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Are You Totally Screwed If Your Parents Aren’t Together?

Studies have found that growing up without two parents can hurt kids in all sorts of ways. Should we take those findings at face value?

The world's most famous unconventional family—a mother, her son, and a man who decided to raise her kid as his own. Photo via Wikimedia Commons

It's really easy to blame things on your parents. Your widow's peak, passive-aggressive tendencies, weirdly shaped eyebrows—are all things you probably inherited from mom and dad. ( Thanks, guys!) It's also easy to blame them for your psychological failings, especially if your parents aren't together. There's been a whole slew of research this year about how unmarried parents fuck up their children: Kids raised by unmarried parents have been found to make less money, they have emotional and behavioral problems twice as often, they're even supposedly more likely to be fat.


This month a new study from Princeton and Harvard, which explored " what happens to children of unmarried mothers," found that more than half of all children would live with a single mom at some point. "The absence of a biological father increases the likelihood that a child will exhibit antisocial behaviors like aggression, rule-breaking and delinquency,"summarized a press release. "This finding—which holds true regardless of a child's race—is especially prevalent among young boys. As a result, these children are 40 percent less likely to finish high school or attend college." Well, that's not very good! Should we get all these women married off?

Dr. Paula Fomby, who studies family instability at the University of Michigan's Population Studies Center, confirms that children whose biological parents are married do see benefits in health, school performance, social behavior, and even wealth. "But if you star to unpack that," Fomby added, "you'll find that there are some pretty systematic explanations for why those patterns occur."

It works like this: Children do better in households where their parents are wealthier and more loving, and those households happen to be correlated with married people. Marriage today is a self-selecting institution, Fomby explained—people who get married tend to be older, better educated, and have higher incomes than those who decide not to tie the knot. So if your parents are married, then you're also more likely to be in a family unit that has more resources, which obviously helps your mental wellbeing as a kid. Family structure doesn't really have anything to do with it.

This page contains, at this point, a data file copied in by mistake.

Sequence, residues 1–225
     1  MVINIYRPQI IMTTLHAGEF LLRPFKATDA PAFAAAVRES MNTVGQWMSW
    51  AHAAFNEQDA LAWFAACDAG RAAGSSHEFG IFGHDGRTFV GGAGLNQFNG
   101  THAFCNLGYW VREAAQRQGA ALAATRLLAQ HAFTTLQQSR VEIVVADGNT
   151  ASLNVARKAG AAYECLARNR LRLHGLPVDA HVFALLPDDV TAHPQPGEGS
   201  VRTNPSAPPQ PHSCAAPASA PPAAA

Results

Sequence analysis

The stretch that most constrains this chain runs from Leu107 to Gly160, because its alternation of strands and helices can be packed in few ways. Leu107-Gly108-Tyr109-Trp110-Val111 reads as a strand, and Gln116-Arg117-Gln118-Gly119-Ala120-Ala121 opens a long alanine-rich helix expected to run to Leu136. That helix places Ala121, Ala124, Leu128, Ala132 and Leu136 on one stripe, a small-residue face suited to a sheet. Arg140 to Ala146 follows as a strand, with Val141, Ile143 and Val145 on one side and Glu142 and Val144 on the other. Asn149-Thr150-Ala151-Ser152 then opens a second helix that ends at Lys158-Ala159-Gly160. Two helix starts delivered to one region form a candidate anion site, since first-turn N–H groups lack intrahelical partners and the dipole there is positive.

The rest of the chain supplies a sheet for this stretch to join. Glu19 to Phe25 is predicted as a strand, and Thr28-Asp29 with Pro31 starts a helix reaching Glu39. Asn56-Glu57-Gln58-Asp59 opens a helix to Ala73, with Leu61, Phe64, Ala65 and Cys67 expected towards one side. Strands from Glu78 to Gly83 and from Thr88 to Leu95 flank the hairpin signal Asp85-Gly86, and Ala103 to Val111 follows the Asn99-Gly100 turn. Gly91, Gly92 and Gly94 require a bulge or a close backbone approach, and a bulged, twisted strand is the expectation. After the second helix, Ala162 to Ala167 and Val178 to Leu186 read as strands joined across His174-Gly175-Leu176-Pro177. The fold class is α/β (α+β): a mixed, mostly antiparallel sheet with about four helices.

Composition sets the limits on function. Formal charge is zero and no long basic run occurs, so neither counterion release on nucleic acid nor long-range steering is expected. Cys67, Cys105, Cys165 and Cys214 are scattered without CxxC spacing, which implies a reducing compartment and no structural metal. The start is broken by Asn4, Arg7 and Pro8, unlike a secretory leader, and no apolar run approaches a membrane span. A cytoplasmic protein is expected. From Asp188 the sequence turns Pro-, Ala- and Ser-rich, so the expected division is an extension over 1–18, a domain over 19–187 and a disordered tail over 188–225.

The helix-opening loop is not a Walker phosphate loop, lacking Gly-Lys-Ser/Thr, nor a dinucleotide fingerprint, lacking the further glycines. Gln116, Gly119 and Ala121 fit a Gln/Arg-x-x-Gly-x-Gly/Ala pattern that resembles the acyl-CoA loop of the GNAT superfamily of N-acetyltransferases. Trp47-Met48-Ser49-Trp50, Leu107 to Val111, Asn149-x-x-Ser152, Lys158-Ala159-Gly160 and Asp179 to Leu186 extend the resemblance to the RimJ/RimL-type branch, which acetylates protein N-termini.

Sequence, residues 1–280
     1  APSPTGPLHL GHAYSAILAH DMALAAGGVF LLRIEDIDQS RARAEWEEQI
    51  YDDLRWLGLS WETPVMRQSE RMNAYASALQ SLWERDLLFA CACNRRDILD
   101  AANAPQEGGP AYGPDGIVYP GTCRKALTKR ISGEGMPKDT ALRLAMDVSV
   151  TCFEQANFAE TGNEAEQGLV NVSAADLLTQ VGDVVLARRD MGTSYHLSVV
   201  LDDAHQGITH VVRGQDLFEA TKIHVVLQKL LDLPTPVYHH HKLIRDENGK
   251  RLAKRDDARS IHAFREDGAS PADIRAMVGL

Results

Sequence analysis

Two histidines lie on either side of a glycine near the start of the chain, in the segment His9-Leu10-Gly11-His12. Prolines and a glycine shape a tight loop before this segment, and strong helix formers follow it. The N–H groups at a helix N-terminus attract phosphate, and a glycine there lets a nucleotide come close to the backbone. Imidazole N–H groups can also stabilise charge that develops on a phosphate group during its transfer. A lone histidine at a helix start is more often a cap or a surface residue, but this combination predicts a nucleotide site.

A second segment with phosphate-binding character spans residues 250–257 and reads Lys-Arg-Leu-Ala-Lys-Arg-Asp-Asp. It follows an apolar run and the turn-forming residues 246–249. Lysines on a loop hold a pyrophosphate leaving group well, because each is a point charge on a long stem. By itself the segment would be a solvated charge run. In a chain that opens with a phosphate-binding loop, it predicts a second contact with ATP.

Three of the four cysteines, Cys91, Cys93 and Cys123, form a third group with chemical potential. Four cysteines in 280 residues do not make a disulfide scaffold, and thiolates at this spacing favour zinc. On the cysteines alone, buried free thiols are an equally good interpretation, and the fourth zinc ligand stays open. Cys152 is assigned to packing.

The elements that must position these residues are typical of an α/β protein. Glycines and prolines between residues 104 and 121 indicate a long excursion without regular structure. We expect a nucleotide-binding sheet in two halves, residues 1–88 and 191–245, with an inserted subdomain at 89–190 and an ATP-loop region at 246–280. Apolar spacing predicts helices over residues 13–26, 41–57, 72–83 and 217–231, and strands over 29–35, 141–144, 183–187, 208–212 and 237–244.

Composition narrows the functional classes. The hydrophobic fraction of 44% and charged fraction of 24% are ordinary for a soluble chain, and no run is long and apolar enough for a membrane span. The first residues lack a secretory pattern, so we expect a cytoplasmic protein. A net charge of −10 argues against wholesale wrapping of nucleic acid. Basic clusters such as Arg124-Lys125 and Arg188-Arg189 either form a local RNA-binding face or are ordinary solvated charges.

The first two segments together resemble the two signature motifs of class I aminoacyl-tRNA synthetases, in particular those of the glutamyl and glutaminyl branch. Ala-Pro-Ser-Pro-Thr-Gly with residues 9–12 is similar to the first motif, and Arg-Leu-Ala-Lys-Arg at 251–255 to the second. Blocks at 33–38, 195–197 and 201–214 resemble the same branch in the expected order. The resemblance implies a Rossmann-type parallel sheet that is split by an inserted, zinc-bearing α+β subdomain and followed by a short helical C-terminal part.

OK, so marital status doesn't really matter. But I wondered if there was some truth to the idea that single parenting, specifically, screws kids up. Fomby explained that living in a two-income household makes it easier to afford things that contribute to childhood success (like education, for example), and other resources—time, parental involvement, love—are also more plentiful when there are two people raising a child. But you don't have to be married, or even in a romantic relationship, to reap that two-person benefit; having grandparents, aunts, uncles, or even older siblings around helps, too. (Not that anyone needs a professor to tell them that.)

Another thing that positively affects childhood outcomes is family stability—basically, whether or not your family structure changes, and how many times. If your parents divorce, then remarry, then divorce again, that's a lot of instability, which can contribute to things like developmental delays. But if your parents were never married and they stay single throughout your childhood, that's considered extremely stable.

What's interesting about that is that it debunks the idea that single parenting is always worse. "It's not to say that there isn't some effect of residing with a single parent," cautioned Fomby, "but that we should question the assumption that if you're with a single parent, the best thing to do would be to get out of that and get into a coupled relationship, since that transition may come at some cost to a child."

So why don't headlines—and the studies that generate them—focus on stability rather than a crude thing like marital status? Fomby says it's due to the kind of data that's available. Most of these studies lean on large, national surveys—like the Census—to make their analyses. The problem is, that data is pretty simplistic. The Census Bureau asks people if they're "married," "divorced," or "single, never married," which doesn't leave a whole lot of room to explain things like "unmarried by cohabiting," or "married but polyamorous," or "single, but with a whole community of relatives helping to raise my kids." The marriage question gives a pretty narrow picture of what relationships, and families, look like. And we're not even sure if these categories matter—right now, the Census Bureau is debating eliminating the questions about marriage and divorce altogether, since it isn't convinced that the question is "relevant."

Maybe there's something to that. The modern American family is, if nothing else, complicated: More than 40 percent of kids today grow up with a step-sibling, same-sex parenting is on the rise, and there are a million ways to have a kid without a partner at all. (Pretty soon, you may be able to have a baby with yourself.) It's nice to know that not all of those kids are going to grow up warped simply because they don't have an official mother and father.

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